Having your creative work space set up is foundational to being productive on greater levels. When certain conditions are present, you can become more attracted to the space and drawn there naturally. It also allows greater accomplishment as you are able to focus on your magic with all your tools at hand.
Here are some step-by-step tips I’ve found that help me be my best:
Clear out your old stuff to create space.
To get started, freshen up your area. Schedule an evening or weekend to box old files or shred them. Simplify and let go of what you don’t need and haven’t looked at for years. Only keep current files in one central box or cabinet that is easily accessible and near your workspace. Think bigger than you ever have before. Create a tornado effect followed by the world’s best clean up/restructuring crew.
“Next to the dog, the wastebasket is your best friend.”
Set up your master work space.
Put everything that you need to use daily within arms reach.
Make it so that you don’t need to get up too often or interrupt your work flow. Things that you use weekly or less often can be a little farther out. Leave them out of eye range to create a feeling of spaciousness and reduce eye clutter.
Organize your work flow system.
Move in to an organized system that allows you to be fully productive and aware of where everything is. Ditch the system that only you can figure out.
Have these four boxes or slots be on your desk or within reach:
Everything that comes in goes directly in here. Empty it out at least once a day. From your inbox, things can transfer to one of the other files. Do not leave anything in your inbox. (It can be done!) Once you’ve touched it, don’t put it back. At least move it to one of the boxes mentioned below. The same should be done for all types of messages that come in including voice mails.
This is just like what you are using your inbox for right now. Have one processing file on your desk for things you will work on this week. Anything that isn’t on the schedule for this week should be moved down to one of the other boxes.
Only things you need today should be on your desk. Keep your desk free from clutter and excess. A clear mind allows more focus. Review your processing file and reschedule associated activities during your Organization Session on Sunday or Monday each week.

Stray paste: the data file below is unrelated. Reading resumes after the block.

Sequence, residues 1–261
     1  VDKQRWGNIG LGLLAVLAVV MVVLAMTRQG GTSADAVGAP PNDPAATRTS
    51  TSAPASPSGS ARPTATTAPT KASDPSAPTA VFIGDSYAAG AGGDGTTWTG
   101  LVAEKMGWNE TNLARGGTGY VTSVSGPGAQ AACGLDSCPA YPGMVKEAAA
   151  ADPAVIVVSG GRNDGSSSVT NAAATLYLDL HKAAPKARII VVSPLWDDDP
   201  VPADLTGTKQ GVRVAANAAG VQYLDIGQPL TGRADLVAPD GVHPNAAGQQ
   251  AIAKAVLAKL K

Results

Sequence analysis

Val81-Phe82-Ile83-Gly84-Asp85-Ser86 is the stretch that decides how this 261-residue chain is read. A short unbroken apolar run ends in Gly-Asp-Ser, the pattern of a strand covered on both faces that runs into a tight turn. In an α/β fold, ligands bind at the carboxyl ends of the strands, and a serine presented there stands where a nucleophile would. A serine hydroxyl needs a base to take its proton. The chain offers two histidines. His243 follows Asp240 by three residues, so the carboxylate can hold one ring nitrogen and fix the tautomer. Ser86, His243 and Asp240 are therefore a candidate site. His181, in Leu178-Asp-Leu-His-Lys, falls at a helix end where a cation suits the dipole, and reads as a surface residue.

Third: Org Sesh.
Put items in here that you do not need to look at during this week. Sit down once a week during your Organization Session and go through this box to keep in touch with all that’s going on. Take time out once a week to schedule these activities – rather than taking time out each day to reorganize. It is much more efficient and frees you up to trust things will be handled and will all fit in.
Bottom: Follow Up.
These are items that are not urgent but that should be followed up on next month. On the first Organization Session of each month, go through this box.
Additional Spaces to Set Up to Facilitate Your Flow:
Keep a SMALL collection of things you want to read in areas around your living spaces that prompt you to pause and read. Create reading nooks that are physical reminders each day to sit and read. Make each a fun place to visit. Areas to place selected reading material include: the bathroom, kitchen table, couch area, near your bed, etc. If the reading material keeps growing and you never read them, move some to a library or forward to friends (circulate). If you have too many, you will never start reading. Prioritize!
A “To Be Filed” File.
In your file cabinet, create a first file that is “To File”. Once a quarter or so file its contents and empty it out. Don’t let things gather here too long. An organized file cabinet is most beneficial. This will strengthen the core of your foundation. Sorting your physical work helps clear these things from your subconscious also, clearing your mind. This can provide incredible amounts of healing and closure. Get blank folders, make new files, organize them by groups and colors, and get very involved. This is very representative of where you are at with your work. A dependable and creative system will support the success of your work.
Create a place to retreat to that is nourishing. Ideally you should have a physical, mental, emotional, and spiritual healing center in your home. These should be spaces that are inviting to visit and prompt your attention to yourself. A great start is an altar that you may retreat to for solace and rest breaks for nourishment and connection.
For more wonderful inspiration on design, I recommend any of the books on Vastu Living written by Kathleen Cox. Her talent is to create interior environments that appeal to us visually and viscerally—they appeal to the mind, body, and soul through applying ancient wisdom.
Danielle Marie Crume